Shostakovich’s Fourth Symphony is one of his least popular/least played symphonies. But at the same time it is one of the first works in his mature style, and one of his most personal. It has the marked dissonances of his early style, but the depth and seriousness of his later works. Also at the same time, it is a frightening and disturbing work; one that is not easily understood even after repeated listens. I’ve been trying to crack this nut as best I can by listening to it in my car as often as possible for the last couple of weeks, but still, it’s not an easy work.
One of the reasons it isn’t played terribly often, other than the disturbing music, is the size of the orchestra. It is, by far, the largest Shostakovich called for, with 2 piccolos, 4 flutes, 4 oboes, 6 clarinets, 8 horns, and a rather large battery of percussion, including, but not limited to, woodblock, 6 timpani, and castanets. This somewhat foreshadows the large percussion sections of his last 2 symphonies.
It’s story is one of the most interesting in Shostakovich’s oeuvre. It was started in September 1935. When he was close to finishing the work, the Pravda attack came out, the whole “Muddle not music” thing. In spite of this, he finished the work and planned to have it premiered. During the rehearsal’s Shostakovich withdrew it. The exact reasons, no one knows. The rehearsals were going very badly. And also think of what Joe Stalin might think of the new dissonant work. Many moons later, in December 1961, it was first played.
This is Shostakovich’s first significant work he wrote after he discovered Mahler. His influence isn’t always present, but the scope of the work is very Mahlerian. The first movement is one his longest, only eclipsed by the openers of symphonies 7 and 8 (coincidentally, these three, 4,7, and 8, are all in C). Generally most opening movements are in some kind of sonata form. Mahler stretched the form to it’s seeming breaking point. In Symphony 4, Shostakovich broke it. There is something that could be called a exposition, there is a sort of recap. but it’s all fragmented. The music is more rhapsodic and episodic than symphonic. After a wild dissonant opening, the trombones and trumpets get the opening melody. The trombones really get to rock in this symphony, unlike in any other Shostakovich symphony, with a few solos, and a lot of great parts, most of them in the last movement. The music just flows from one idea to the next, with every once and a while a familiar idea pops it’s head in. I think one of the iconic parts of the opening movement is the wild frantic string passage about 1/2 way trough. To me, it sounds like madness, insanity ect. This is one strange trip through the mind of Dmitri. There are several short climaxes that just scream and then disappear. The music is nothing if not interesting, but man is it confusing, and scary. In the recap-ish, section, instead of having the opening melody come back, a melody that sounds almost identical to one in the 5th symphony. Did Shostakovich recycle music from his unplayed symphony? Probably.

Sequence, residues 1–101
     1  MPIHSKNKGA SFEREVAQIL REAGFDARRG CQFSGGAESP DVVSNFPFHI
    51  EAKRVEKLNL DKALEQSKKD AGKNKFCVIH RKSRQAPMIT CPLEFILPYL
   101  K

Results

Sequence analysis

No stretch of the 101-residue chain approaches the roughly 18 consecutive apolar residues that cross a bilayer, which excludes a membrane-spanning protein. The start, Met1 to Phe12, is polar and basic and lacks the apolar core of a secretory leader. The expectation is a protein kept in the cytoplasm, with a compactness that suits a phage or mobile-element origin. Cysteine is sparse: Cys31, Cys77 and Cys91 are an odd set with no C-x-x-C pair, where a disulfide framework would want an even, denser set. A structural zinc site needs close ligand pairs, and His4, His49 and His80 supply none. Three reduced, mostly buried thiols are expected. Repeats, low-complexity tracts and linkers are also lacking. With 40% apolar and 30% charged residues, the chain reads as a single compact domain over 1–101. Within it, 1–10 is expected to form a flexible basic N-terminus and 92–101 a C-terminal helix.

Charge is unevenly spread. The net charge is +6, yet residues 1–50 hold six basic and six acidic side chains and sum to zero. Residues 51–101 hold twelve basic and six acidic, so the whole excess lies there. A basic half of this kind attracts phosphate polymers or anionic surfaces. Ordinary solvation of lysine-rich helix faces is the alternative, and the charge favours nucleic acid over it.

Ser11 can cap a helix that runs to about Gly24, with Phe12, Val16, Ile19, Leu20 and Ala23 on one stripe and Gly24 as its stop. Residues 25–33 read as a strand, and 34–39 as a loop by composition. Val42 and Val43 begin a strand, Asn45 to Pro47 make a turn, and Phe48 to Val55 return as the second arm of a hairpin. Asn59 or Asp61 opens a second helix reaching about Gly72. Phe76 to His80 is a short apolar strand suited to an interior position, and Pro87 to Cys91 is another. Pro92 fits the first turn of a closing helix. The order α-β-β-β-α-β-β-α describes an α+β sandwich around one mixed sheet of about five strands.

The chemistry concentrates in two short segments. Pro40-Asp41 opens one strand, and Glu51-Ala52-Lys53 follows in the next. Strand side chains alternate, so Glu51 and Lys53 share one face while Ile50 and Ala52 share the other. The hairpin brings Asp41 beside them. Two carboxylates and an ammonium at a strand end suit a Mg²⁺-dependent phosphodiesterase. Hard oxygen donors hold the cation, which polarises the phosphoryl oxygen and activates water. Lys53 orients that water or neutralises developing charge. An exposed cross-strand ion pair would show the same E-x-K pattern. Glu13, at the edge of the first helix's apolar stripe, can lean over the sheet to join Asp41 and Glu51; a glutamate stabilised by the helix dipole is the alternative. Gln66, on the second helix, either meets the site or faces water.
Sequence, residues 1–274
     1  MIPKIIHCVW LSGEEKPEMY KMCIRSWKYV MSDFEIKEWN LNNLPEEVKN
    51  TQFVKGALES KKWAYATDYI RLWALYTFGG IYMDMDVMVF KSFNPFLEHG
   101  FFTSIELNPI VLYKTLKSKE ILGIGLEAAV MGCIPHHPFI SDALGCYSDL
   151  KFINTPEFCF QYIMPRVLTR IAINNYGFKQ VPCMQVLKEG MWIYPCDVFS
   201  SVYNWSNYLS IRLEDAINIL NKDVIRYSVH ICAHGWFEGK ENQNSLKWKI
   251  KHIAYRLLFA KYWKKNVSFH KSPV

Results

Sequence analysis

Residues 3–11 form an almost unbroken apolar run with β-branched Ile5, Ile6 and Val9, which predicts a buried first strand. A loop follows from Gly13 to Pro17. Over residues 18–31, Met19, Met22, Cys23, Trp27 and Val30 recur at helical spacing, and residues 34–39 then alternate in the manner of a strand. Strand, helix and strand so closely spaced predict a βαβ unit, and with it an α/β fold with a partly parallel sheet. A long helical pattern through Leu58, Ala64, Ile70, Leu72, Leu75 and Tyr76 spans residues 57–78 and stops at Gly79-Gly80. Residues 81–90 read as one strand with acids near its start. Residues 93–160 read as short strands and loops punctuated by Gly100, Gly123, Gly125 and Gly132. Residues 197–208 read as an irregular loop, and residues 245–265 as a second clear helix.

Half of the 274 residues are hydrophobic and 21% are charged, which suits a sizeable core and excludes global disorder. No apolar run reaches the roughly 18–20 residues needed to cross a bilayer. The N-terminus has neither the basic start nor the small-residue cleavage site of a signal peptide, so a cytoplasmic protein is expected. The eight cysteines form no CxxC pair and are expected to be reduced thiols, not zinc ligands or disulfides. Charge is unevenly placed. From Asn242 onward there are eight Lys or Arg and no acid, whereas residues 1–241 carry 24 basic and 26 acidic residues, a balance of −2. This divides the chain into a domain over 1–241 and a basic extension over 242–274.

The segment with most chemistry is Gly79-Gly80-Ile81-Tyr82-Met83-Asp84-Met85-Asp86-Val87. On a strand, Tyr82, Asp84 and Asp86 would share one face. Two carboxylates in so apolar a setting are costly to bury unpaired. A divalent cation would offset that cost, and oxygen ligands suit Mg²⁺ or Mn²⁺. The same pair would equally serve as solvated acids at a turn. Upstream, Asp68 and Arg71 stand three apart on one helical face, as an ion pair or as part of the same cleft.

The 2nd movement is the odd one of the three in the sense that it is one 9 minutes compared to the monolithic outer movements. It would fill the scherzo role of the traditional symphonic structure, but scherzo – trio – scherzo it is not. Not nearly as disturbing as the other movements, it perhaps makes for the easiest listening. It, again, has some great trombone lines. It ends with a very original “ticking” passage in snare drum, woodblock and castanet.
The final movement opens with a slow funeral march like section. Hmmm, I wonder who wrote funeral marches into symphonies…Mahler is very present here, with the dotted rhythms in the bassoon and oboe. It’s very spooky and mysterious. After a climax, the music moves into a frantic allegro section, which by the way, has some awesome trombone stuff. Call me crazy, but at one point the music sounds downright festive. It only lasts for a few moments, but it’s hard not to think festive with glock. especially knowing Jupiter from the Planets. Eventually it quiets down, but then the whole orchestra bursts out with some big chords, the first consonant, but each following one more and more dissonant. The music ends very quietly in the minor with some spooky celeste, kind of like the end of the first movement of the 5th.
In conclusion, give the symphony a try, and keep trying. Ultimately you will be rewarded.